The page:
Ghostbusters (2016, Sony)
My ties to the newest installment in the Ghostbusters franchise run deeper than an affinity for the paranormal or the fact that Ray Parker Jr.’s theme song is on my running playlist. In fact, I worked as both an on-set production assistant on and an actor in the 2016 reboot. Before that experience, I grew up admiring the original films. But when it comes to fan-favorite franchises, everyone has a personal narrative of experience.
Living in an age of social media, filmmakers know that Internet comments sections can be dangerous. However, the release of promotional material for 2016’s Ghostbusters has prompted an unforeseen outburst of opposition. In addition to the first trailer breaking records for most-disliked trailer on YouTube, platforms like Twitter, Facebook, and Instagram have become breeding grounds for hateful remarks under the protection of online anonymity. Continue reading “I Ain’t Afraid of No Trolls: 2016’s Ghostbusters and the Online Response” »
Hollywood has long placed, and hedged, its bets on history, from D.W.Griffith’s notorious 1915 blockbuster The Birth of a Nation (about the rise of the KKK) to last year’s less controversial but still factually challenged Oscar-winner Argo (about a CIA rescue mission in Iran). If this year’s Best Picture crop is any indication, the postmodern proposition that the further society recedes from physical reality the more it becomes obsessed with reclaiming it, has been borne out in spades. Six of the nine Best Picture nominees from 2013 deal with actual historical incidents—in varying degrees of verisimilitude. Continue reading “Oscar Analysis: “Dallas Buyers Club” Sells out the Truth” »
I’m not counting the comic book-inspired, CGI-enhanced, video game-fueled, super-hero-driven, transnational mega-franchises that hogged cineplex screens and dominated the box-office last year as they have for the past several decades. Nor am I referring solely to the recent trend in more thematically ambitious films that equate bloated running times with high-mindedness. Earnest films about corporate greed such as Promised Land, The East, and Dallas Buyers Club also take a back seat because their very earnestness forced the excesses of content to trump those of style. Front and center from 2013 are a critical mass of “prestige” films—one adapted from a literary classic; the other three, Oscar contenders—whose content and style self-consciously reflected as they helped perpetuate a zeitgeist of excess. Continue reading “2013: The Year of Excess” »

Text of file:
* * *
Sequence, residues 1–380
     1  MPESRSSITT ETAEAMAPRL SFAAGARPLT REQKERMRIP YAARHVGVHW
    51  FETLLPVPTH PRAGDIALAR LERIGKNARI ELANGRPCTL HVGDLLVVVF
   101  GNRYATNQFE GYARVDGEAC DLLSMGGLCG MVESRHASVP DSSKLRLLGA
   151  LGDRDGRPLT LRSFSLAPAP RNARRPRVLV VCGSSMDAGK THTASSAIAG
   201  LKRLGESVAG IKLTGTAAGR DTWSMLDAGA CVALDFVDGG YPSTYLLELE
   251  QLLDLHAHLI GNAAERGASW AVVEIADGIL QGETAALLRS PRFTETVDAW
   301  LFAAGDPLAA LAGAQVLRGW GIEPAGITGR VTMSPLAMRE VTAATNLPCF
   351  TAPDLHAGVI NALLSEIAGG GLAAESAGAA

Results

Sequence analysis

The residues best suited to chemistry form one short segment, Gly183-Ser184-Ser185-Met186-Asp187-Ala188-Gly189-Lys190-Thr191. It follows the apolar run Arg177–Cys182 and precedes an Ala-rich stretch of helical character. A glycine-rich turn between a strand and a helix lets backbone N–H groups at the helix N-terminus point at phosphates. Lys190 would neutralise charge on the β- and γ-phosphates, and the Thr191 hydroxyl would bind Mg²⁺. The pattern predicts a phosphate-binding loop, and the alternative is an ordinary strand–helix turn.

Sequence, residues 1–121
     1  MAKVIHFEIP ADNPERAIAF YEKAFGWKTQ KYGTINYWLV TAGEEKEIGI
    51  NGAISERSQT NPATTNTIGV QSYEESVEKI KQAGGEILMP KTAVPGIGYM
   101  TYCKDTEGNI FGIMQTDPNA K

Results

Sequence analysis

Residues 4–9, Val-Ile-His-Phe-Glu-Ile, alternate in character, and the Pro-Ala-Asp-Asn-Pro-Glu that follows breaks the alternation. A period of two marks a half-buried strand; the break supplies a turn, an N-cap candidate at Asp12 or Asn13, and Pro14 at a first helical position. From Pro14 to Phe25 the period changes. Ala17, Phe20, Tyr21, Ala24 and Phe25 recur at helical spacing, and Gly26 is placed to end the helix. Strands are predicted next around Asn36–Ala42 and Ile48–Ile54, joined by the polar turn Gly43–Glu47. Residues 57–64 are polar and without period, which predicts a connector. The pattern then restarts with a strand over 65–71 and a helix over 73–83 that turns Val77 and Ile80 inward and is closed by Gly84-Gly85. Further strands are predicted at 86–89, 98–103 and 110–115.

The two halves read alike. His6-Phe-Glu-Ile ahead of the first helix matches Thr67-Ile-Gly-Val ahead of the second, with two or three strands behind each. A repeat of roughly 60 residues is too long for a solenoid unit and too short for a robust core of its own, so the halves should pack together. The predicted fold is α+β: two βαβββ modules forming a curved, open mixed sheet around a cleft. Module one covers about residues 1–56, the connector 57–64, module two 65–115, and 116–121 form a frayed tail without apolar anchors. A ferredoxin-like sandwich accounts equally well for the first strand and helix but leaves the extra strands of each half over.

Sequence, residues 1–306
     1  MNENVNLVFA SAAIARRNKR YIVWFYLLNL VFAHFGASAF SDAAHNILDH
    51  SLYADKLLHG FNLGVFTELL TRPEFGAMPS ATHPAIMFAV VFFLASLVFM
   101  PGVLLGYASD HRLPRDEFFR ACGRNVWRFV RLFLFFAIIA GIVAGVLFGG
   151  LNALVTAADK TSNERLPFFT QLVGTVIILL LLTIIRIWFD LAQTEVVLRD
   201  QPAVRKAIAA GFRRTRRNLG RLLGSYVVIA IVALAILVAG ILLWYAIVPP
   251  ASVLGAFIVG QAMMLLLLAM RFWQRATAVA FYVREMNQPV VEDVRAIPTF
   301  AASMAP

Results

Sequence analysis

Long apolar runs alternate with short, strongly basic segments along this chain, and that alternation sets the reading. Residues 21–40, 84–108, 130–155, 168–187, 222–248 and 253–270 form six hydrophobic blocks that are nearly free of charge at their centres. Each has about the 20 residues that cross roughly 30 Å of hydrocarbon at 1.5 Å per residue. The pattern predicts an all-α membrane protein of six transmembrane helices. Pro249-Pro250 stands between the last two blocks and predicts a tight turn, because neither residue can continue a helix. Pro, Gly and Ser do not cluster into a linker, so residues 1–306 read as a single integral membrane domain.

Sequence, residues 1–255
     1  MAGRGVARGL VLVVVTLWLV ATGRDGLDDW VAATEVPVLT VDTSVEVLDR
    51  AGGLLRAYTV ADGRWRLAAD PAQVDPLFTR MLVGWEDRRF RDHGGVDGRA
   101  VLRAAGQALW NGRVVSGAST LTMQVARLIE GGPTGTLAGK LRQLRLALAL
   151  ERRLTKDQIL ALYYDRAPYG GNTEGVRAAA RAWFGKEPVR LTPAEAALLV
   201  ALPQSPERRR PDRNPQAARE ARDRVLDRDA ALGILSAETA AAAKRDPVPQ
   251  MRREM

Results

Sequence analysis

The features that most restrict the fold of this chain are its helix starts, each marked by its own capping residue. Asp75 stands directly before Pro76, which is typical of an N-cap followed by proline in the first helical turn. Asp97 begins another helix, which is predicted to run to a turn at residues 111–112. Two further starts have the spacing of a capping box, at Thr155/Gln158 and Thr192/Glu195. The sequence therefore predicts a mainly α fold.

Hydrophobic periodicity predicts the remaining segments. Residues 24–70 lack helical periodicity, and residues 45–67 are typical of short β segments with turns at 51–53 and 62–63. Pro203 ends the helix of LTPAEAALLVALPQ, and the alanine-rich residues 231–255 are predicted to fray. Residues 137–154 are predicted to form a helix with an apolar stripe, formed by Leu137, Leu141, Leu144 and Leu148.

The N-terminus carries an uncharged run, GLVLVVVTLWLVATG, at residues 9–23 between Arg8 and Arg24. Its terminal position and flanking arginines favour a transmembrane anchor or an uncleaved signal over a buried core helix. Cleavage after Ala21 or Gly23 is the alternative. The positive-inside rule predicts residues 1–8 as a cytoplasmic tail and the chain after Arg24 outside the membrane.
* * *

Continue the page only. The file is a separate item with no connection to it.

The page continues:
When preparing for Jurassic Park, Steven Spielberg made a reluctant decision to abandon the highly advanced stop-motion technology that had been developed for full-body movement shots of the dinosaurs, opting instead for a still-imperfect and experimental computer-generated effects technology. The reason for Spielberg’s decision, circulated in movie geek lore ever since, was that the stop-motion animation developed for the film had never solved the technique’s historical quandary of adding motion blur to the image. Onscreen, the dinosaurs would move differently from the live human characters, disrupting the continuity of the film’s narrative world. For the greatest verisimilitude, Spielberg backed a technology that could conform to the limitations of the celluloid medium of the time.
When watching The Hobbit: An Unexpected Journey, I was struck by the resonances between Spielberg’s decision and the one made by Peter Jackson and his creative team to shoot at 48 frames per second (fps), rejecting the 24 fps standard that has held almost universally true since the earliest days of commercial sound cinema. Overall, I enjoyed the film, though I admit that the experience was not as transporting as the Lord of the Rings trilogy was for me a decade ago. The movie raised many issues in my mind, from the creative revisions that Peter Jackson and his screenwriting partners, Fran Walsh and Philippa Boyens, made to Tolkein’s narrative, to the obvious concern of narrative stuffing (a 300-page novel turning into a projected trilogy of eight-to-nine hours in length). The challenge of expanding a slim narrative into three substantial narratives, the diametric opposite challenge that the team faced in paring down Tolkein’s hefty Rings saga 10 years ago, would provide an opportunity for another sizeable essay. The fact that I haven’t read The Hobbit in more than ten years aside, I was instead attracted to the premiere of the 48 fps format, or HFR (High Frame Rate), as it has been termed, and the host of new aesthetic possibilities and problems that it introduces. Jackson’s choice in this regard bucks a fundamental property of film production and exhibition, and I find that the issues inherent in viewing this movie provide some insights to the many possible futures for the cinematic experience. Continue reading “An Unprecedented Journey: A Format Critique of ‘The Hobbit’” »